Hospital wait times costing Edmonton police in manpower and dollars
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Edmonton police are spending significant time waiting in area hospitals and it is costing the force financially and in manpower on the streets, according to numbers presented at the police commission Thursday night.
From Aug. 2 to Nov. 2, officers spent a 1,500 hours and had 390 visits to hospitals guarding while waiting for detainees, costing the police force about $100,678 or $1,100 a day.
“That’s four police officers that we could have extra in terms of the dollar value and those officers are tied up. They’re highly trained individuals and they’re best used on the street, patrolling, looking for bad guys,” said Deputy Chief Brian Simpson, with EPS.
Since the wait time tracking process over the three months was voluntary, officials say these figures are the minimum amount of hours officers spent at hospitals.
“I personally was astounded by the magnitude of the situation,” said Joanne Graham, director of Business Intelligence Competency Centre with EPS at the Edmonton Police Commission meeting Thursday.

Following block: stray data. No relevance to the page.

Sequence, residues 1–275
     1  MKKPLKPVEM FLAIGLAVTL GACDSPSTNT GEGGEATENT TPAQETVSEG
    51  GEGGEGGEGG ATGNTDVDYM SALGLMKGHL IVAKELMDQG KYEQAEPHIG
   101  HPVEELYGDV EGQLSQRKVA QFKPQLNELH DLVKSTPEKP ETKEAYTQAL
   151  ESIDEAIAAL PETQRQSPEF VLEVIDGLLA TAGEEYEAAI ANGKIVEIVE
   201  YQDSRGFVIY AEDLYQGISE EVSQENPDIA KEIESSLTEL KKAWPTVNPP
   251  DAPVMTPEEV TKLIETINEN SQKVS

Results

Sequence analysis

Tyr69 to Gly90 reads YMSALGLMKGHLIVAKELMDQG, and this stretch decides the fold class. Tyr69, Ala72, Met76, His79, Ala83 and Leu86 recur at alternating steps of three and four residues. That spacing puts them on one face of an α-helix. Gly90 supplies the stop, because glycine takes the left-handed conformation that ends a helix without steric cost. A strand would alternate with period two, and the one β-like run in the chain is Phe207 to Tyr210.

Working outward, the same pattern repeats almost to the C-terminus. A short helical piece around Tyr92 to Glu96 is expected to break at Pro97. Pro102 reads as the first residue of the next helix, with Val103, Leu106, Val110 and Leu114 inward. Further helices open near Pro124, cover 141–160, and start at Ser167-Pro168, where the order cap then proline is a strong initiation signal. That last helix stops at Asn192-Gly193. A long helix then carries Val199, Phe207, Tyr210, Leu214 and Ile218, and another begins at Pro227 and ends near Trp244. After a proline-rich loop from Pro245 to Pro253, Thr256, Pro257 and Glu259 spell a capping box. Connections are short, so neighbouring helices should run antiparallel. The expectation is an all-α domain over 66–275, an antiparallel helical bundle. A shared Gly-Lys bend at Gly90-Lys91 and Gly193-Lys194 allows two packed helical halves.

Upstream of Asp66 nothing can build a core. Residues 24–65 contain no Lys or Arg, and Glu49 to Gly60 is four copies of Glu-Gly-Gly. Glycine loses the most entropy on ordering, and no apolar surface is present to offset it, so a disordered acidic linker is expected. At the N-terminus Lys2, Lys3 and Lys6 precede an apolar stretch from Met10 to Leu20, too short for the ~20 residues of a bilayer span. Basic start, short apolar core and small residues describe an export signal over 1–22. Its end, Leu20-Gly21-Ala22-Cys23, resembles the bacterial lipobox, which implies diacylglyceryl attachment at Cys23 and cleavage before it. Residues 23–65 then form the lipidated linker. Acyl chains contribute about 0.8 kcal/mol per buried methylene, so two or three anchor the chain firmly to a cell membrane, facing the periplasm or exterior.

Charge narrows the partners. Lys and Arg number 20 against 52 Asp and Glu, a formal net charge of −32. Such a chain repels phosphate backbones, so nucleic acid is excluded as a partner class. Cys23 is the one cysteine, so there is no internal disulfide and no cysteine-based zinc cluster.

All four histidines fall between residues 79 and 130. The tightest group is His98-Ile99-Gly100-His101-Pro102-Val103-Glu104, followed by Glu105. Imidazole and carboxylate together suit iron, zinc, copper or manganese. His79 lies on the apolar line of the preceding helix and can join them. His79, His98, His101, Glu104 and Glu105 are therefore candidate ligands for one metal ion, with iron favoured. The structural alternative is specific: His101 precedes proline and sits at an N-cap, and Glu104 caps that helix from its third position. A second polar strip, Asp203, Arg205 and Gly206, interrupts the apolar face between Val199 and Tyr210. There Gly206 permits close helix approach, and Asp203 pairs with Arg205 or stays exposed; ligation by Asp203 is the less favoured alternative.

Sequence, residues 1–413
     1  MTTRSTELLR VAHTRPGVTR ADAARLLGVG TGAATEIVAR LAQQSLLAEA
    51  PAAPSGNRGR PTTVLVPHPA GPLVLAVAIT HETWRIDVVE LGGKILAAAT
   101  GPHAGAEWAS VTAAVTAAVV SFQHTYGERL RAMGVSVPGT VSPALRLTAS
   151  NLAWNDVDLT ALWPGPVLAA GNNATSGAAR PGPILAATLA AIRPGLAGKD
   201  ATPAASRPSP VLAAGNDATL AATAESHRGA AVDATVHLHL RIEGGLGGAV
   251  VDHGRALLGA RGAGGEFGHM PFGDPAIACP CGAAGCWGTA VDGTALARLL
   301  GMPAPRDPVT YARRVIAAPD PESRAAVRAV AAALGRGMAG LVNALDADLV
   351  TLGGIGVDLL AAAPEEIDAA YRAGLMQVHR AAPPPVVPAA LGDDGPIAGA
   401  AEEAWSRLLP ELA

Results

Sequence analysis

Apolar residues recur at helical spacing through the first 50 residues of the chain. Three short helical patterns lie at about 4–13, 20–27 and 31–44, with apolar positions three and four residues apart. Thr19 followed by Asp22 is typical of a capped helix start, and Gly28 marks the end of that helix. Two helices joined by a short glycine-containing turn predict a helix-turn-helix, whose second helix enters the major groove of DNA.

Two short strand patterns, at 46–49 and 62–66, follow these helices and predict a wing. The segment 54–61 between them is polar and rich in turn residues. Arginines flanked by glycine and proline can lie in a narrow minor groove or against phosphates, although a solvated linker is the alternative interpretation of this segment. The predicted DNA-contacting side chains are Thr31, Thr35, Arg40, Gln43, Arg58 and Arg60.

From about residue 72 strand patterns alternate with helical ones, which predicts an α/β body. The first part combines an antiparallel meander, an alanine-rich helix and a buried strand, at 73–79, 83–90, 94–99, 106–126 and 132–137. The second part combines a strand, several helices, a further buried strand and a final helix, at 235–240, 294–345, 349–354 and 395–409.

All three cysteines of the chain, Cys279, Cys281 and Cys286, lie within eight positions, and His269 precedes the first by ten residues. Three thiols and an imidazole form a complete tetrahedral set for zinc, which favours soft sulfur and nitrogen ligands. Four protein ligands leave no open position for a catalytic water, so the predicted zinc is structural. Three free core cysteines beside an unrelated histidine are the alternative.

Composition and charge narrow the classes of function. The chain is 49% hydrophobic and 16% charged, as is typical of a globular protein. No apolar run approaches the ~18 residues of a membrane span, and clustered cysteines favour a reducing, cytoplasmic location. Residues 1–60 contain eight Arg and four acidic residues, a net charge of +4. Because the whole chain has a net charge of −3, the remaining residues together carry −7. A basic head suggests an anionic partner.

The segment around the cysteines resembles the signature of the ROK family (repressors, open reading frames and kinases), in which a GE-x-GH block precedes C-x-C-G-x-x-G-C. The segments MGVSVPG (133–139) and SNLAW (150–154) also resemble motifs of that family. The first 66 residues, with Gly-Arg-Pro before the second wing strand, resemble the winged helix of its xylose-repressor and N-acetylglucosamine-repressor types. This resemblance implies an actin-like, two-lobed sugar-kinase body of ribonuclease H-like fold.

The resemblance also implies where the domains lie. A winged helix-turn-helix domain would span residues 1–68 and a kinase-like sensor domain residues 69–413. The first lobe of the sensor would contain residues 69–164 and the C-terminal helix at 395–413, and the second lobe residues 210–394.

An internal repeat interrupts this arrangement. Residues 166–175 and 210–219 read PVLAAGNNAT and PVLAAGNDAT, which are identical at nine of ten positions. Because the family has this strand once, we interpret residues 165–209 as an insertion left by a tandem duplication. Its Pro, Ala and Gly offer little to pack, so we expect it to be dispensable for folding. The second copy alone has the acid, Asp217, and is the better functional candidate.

Officials say the biggest concern with the numbers is that 54 per cent of the hours and 63 per cent of the activities dealt with the Mental Health Act.
“Mental health is an issue we deal with all the time. We see that in other areas so once that number was pointed out to us, it wasn’t a surprise, just the actual volume of it —63 per cent— was,” said Simpson.
The officer wait time issue is a concern with police agencies across Canada and the United States, said Graham, with many having significant resource impacts due to officers being held up in hospitals with detainees.
Police are continuing discussions with hospitals and looking at solutions for the officer problem.
“The whole goal of this is to have discussions and to look at options to get ourselves to a better place, to get our clients to a better place and also service the community,” said Simpson.